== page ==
Frullesk is a new technique and still under development. You could see it as a love child of Fair-Isle and Double Knitting. The technique combines the best features of both parents (you work with two yarns each row, every stitch is worked and is mostly knitted or purled) But it certainly has a set of unique features.
Frullesk is a knitting technique that uses two yarns each row. When you work a stitch with yarn A or B, the other yarn is stranded in front or at the back of the stitch. This is unique for the Frullesk technique, when you look at fair-isle for example, the yarns are always stranded at the wrong side of the work. For double knitting, the yarns are stranded between the layers.
An extra dimension
This active role of the stranded yarn adds an extra dimension to the work:
- In the texture – the stranded yarn ‘pushes’ the worked stitch into a certain direction, so some stitches create more depth in your work and create a clear texture.
- In your actions – with every stitch you also have to be aware of what to do with the stranded yarn.
- In charts – every field in the chart has to give information about both yarns
- In the look – Specially for stitches where the yarn is sometimes stranded in front of knitted stockinette stitches, you see a woven look
- Both sides of the work can be interesting and very different.
For patterns where a yarn is stranded in front of max. one stitch at a time, you can still work in the English style (carrying one yarn in your left hand and one in your right). But if a yarn is stranded in the front for more than one stitch at a time, it is certainly desirable to work with a knitting method that allows you to carry both yarns on your left hand (like the continental of combined method).
A constant tension (without straining yourself) is the easiest to work with. Your left hand is in control of the yarns and your right hand is in full control of the right needle so you can move it any way you like.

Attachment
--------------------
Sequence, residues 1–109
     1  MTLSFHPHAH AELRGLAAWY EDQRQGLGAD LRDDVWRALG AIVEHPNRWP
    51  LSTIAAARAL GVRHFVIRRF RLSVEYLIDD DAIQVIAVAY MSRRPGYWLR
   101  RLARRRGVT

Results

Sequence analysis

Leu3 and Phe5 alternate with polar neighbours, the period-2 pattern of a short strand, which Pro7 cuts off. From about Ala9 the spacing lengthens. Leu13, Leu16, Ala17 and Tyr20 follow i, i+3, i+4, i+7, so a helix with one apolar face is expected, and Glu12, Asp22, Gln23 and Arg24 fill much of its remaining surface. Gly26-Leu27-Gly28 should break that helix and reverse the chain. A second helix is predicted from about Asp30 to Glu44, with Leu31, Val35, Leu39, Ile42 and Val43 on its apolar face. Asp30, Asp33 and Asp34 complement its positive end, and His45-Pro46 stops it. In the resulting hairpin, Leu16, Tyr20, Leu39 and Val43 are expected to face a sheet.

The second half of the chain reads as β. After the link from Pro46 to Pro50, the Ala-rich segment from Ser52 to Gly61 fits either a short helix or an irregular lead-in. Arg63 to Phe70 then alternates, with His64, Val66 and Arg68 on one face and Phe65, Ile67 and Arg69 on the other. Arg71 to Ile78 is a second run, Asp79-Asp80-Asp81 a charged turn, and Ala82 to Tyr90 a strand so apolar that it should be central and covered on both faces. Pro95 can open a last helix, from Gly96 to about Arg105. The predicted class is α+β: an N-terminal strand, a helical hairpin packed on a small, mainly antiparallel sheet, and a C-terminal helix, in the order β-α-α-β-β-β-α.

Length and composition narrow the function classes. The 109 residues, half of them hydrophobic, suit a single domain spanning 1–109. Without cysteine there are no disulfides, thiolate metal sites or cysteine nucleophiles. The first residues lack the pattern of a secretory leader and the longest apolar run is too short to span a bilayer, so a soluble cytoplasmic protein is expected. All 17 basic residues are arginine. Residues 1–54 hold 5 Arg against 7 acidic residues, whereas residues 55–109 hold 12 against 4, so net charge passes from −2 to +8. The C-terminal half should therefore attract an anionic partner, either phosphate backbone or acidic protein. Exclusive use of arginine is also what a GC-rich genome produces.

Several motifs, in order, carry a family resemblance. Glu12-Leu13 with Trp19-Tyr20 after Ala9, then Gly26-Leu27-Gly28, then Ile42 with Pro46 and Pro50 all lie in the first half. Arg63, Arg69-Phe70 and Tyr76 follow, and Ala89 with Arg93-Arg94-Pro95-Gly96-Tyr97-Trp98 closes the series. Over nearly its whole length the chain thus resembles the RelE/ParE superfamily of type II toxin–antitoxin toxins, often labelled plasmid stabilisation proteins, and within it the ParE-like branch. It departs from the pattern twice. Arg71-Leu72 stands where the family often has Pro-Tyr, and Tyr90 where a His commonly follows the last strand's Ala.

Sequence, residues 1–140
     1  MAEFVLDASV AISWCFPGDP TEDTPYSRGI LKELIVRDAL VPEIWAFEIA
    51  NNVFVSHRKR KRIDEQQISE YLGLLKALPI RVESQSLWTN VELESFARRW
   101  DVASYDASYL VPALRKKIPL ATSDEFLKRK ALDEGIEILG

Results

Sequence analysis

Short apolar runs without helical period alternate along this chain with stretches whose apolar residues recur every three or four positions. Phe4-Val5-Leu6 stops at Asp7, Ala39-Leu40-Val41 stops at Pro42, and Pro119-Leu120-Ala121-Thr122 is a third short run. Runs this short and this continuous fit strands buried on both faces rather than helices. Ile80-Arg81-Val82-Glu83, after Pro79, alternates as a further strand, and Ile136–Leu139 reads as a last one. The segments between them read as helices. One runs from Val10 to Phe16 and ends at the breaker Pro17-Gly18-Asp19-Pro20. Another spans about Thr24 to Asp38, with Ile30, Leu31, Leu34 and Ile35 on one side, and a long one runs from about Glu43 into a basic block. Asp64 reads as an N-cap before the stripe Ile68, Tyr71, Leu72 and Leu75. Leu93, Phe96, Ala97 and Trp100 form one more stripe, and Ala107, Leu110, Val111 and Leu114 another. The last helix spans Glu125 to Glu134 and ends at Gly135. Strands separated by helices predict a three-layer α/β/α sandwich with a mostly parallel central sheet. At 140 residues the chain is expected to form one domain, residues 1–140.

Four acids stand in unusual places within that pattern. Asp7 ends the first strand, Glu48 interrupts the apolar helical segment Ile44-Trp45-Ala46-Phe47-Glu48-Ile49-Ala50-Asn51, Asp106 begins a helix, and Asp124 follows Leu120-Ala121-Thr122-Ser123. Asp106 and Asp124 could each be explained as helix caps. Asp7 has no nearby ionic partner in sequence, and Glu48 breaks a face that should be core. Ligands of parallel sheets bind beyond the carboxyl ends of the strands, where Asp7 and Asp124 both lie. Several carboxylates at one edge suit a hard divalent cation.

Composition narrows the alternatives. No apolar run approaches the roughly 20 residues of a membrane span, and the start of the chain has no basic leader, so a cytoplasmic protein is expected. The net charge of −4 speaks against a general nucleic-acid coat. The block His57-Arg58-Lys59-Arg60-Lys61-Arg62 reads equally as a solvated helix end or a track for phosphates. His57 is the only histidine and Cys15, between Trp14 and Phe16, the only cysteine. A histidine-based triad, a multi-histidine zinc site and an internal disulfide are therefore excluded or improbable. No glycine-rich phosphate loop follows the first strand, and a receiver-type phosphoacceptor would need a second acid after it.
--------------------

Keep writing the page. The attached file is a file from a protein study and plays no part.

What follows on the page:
Working order of the yarns is important
When knitting with 2 yarns each row, there will always be one most left and one most right even if you are carrying both yarns on your left hand. The yarn on the left is gets the first action in every stitch and the right one follows.
For example: you knit one stitch with yarn A (held most left) and yarn B (held most right) is stranded at the back. Then you knit a stitch with B (right) and A (left) should be stranded in front of the stitch. In order to do so, you first move yarn A to the front side of your work and then you knit with B. The next stitch is also knitted with B and yarn A should now be stranded at the back of this stitch. So you first move A to the back and then you knit with B. When you look between the last two worked stitches you see that yarn A is at the bottom and B is on top. Would you have changed your working order: so first knit with B and then move yarn A to the back of the stitch, you would see B at the bottom and A on top. Changing your working order has consequenses for your work as you can see in the pictures here. The picture in the top shows a consequent working order and the picture below shows the result of and inconsequent working order.
This new knitting technique brings so many new options. So far 30 different frullesk stitches have been developed but this number will go up fast
Every knitting pattern of WOOL NERD that uses Frullesk, comes with a detailed description of this new technique including photos and lots of tips and tricks.
Curious how it all works and how you can do this yourself? Read the article that is attached to your frullesk pattern or visit one of the Frullesk workshops and learn is technique (and new stitches) step by step!